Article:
- Switching from "Why have things gotten so bad?" to "What goals do you want to reach?".
- Switching from "Whose fault is that?" or "Who is to blame?" to "Whose help do you need to achieve your goals?".
- Switching from "Why is it so difficult to change?" to "What would constitute signs of progress?".

Magnus (course leader) referred to three different "perceptual positions". This idea apparently builds on the Gregory Bateson's works (I've read his most well-known book, "Steps to an ecology of mind", but can't remember that I have previously heard about "perceptual positions"). Anyway, the three positions are:
 - Position 1: Myself in focus (my needs, my understanding etc.)
 - Position 2: The other person in focus (your needs, your opinions etc.)
 - Position 3: The situation in focus (what needs to be done to progress in this situation)
When challenged, it is exceedingly easy to fall back to position 1 and react based on your own needs (including the need to protect your own self). Position 2 sounds both more empathic and sympathetic but can also be a cul-de-sac that does not really lead forward beyond asking "so how did you feel then?". So it is only when we are in position 3 that we behave professionally. I thought this was an interesting point; to be professional, you can not focus on your own self and on your personal needs, nor on the needs of the person you have in front of you. Your focus should instead solely be on the problem, e.g. "how can we solve this problem (and get on with it)?". This is probably something that we all forget now and then - or in fact something we forget very very often!

Another useful part of the course concerned feedback and more specifically how to give constructive feedback. We did several exercises and got lots of really good advice but it was slightly disheartening to realize how often feedback instead is delivered in such a way that it becomes dysfunctional instead of constructive (e.g. feedback that "fixes" the immediate problem but that is delivered (or "metered out") in such a way that it counteracts the whole purpose of the organization - such as building a team that works together and strives towards some common purpose/higher goal). I carefully took down notes when Magnus talked about rules and how to apply them and especially when he said that "when you feel uncomfortable or unsafe, you might cling to using the rules improperly rather than in a better, more flexible way". I'm sorry to say that I have met managers at KTH who of course must have taken courses like this but who seem to have missed the whole point of courses like this. So sad.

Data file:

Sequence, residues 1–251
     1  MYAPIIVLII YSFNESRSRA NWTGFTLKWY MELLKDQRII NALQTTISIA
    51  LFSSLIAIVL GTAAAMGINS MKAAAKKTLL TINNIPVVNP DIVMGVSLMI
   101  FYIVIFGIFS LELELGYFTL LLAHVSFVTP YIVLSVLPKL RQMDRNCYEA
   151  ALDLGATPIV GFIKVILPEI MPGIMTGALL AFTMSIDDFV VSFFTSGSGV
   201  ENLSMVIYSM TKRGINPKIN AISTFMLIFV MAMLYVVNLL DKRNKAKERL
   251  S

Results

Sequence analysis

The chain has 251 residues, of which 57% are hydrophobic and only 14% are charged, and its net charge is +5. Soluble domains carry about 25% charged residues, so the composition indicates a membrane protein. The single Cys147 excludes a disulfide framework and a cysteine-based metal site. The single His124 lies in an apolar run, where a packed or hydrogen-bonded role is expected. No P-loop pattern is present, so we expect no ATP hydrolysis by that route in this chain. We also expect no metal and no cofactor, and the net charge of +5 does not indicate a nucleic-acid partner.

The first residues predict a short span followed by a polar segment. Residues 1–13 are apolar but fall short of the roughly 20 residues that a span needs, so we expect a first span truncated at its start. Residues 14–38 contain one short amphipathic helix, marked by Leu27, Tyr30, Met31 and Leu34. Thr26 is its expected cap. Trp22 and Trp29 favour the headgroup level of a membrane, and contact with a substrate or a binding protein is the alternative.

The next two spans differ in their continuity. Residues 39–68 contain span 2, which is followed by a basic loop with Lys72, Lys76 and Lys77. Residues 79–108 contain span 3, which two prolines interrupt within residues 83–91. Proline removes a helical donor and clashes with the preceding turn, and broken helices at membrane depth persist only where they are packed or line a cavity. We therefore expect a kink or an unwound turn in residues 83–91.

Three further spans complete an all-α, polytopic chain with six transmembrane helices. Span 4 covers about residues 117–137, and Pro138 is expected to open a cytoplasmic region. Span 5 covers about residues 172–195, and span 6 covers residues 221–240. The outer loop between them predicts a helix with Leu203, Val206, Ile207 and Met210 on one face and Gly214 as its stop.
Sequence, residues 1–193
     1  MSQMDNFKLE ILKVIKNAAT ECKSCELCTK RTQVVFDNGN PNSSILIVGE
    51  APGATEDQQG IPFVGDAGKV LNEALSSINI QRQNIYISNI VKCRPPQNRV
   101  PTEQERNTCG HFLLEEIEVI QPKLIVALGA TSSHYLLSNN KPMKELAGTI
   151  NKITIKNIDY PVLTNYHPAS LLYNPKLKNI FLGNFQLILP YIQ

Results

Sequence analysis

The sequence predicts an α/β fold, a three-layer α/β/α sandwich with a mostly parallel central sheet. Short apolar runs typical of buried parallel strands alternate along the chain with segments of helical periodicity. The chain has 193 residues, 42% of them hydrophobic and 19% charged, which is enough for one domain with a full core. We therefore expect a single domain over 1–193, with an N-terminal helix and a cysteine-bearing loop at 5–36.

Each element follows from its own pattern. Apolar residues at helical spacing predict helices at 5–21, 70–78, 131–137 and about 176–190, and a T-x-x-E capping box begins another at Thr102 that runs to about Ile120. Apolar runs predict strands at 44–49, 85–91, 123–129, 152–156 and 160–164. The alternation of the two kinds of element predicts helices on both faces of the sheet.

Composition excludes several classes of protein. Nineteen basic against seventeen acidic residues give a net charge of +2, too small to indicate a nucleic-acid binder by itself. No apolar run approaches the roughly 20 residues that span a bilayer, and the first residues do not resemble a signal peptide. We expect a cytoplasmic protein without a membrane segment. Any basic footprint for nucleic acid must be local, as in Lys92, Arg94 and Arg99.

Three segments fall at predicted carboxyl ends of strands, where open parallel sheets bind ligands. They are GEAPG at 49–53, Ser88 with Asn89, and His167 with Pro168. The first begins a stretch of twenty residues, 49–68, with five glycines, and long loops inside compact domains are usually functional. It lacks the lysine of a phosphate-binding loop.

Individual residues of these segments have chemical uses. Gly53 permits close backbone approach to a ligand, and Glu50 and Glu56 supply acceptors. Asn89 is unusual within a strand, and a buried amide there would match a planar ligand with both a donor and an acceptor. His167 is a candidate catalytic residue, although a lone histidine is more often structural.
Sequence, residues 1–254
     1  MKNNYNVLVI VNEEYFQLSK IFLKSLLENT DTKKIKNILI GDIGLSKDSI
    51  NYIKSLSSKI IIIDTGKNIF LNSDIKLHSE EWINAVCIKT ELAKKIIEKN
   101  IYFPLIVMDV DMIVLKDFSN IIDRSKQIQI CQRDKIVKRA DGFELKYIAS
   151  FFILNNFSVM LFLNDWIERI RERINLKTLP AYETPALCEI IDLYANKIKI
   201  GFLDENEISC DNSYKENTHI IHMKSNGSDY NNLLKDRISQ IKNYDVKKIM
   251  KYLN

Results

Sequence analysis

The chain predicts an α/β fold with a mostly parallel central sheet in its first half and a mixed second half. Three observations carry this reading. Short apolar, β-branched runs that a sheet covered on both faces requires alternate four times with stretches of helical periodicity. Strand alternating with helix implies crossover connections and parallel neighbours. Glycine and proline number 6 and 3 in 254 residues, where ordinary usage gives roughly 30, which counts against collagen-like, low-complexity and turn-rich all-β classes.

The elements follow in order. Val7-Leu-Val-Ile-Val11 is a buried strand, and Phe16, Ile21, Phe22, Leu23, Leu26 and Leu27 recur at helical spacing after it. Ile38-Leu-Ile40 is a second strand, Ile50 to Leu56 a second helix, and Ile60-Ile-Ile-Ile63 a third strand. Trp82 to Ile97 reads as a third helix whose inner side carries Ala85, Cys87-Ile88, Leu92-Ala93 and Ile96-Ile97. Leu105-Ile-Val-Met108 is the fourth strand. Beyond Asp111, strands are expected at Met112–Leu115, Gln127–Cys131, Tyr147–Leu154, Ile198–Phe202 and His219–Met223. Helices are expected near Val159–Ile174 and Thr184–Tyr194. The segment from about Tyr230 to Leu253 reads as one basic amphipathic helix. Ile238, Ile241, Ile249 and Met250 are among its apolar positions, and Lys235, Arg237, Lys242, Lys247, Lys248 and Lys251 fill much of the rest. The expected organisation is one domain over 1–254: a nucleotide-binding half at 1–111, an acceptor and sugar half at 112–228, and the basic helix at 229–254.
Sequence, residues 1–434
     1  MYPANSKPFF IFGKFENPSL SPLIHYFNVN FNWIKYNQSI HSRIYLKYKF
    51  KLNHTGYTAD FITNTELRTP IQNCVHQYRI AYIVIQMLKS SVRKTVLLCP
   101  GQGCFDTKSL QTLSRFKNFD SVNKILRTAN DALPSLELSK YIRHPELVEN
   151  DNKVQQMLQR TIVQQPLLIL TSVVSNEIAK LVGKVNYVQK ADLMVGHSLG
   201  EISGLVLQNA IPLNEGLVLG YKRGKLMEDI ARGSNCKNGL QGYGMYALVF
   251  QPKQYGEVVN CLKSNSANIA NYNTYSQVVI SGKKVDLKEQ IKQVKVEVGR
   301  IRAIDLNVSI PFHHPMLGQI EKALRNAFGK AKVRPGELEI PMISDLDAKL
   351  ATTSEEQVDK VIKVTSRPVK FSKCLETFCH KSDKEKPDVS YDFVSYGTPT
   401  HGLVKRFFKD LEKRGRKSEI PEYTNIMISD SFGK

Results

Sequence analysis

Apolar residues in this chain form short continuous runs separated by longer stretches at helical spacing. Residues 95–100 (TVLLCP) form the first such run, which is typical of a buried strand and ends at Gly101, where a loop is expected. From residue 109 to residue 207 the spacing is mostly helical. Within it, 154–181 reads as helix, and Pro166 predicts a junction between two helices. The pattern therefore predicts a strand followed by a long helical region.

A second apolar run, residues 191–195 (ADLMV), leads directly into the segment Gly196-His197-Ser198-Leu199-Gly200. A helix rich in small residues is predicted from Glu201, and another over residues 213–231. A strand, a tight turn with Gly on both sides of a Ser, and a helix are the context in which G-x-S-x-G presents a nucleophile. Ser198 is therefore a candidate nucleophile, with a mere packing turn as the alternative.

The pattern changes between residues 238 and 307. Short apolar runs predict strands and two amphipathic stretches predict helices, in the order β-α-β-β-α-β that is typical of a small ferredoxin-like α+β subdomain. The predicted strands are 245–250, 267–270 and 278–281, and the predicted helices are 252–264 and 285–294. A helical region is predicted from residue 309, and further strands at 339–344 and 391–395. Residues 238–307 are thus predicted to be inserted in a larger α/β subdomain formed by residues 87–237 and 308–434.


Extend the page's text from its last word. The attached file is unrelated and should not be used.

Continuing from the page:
Besides the practical exercises (fun!), one of the most interesting ideas was that we all, as leaders and managers, move in and out of different "academic rooms" (of leadership) throughout our careers. The four "rooms" (spaces) as proposed by researchers at Chalmers were:
1) The research group - leading individual research within a field of knowledge
2) Educational programme - leading in an educational environment
3) Academic line/department - leading the formal organization and administration